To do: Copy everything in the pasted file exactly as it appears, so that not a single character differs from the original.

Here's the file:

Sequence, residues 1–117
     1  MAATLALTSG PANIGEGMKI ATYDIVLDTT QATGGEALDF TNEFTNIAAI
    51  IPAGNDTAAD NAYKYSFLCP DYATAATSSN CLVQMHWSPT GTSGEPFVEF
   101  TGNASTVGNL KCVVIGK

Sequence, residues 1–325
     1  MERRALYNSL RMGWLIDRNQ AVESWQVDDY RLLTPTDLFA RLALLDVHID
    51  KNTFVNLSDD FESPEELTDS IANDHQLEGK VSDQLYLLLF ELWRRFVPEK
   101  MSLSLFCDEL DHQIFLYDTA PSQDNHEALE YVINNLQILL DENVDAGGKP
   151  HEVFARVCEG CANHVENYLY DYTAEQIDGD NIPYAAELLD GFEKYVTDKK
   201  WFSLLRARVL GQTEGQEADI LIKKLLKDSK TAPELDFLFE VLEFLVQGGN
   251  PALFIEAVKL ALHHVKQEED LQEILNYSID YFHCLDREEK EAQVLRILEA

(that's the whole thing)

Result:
Sequence, residues 1–117
     1  MAATLALTSG PANIGEGMKI ATYDIVLDTT QATGGEALDF TNEFTNIAAI
    51  IPAGNDTAAD NAYKYSFLCP DYATAATSSN CLVQMHWSPT GTSGEPFVEF
   101  TGNASTVGNL KCVVIGK

Sequence, residues 1–325
     1  MERRALYNSL RMGWLIDRNQ AVESWQVDDY RLLTPTDLFA RLALLDVHID
    51  KNTFVNLSDD FESPEELTDS IANDHQLEGK VSDQLYLLLF ELWRRFVPEK
   101  MSLSLFCDEL DHQIFLYDTA PSQDNHEALE YVINNLQILL DENVDAGGKP
   151  HEVFARVCEG CANHVENYLY DYTAEQIDGD NIPYAAELLD GFEKYVTDKK
   201  WFSLLRARVL GQTEGQEADI LIKKLLKDSK TAPELDFLFE VLEFLVQGGN
   251  PALFIEAVKL ALHHVKQEED LQEILNYSID YFHCLDREEK EAQVLRILEA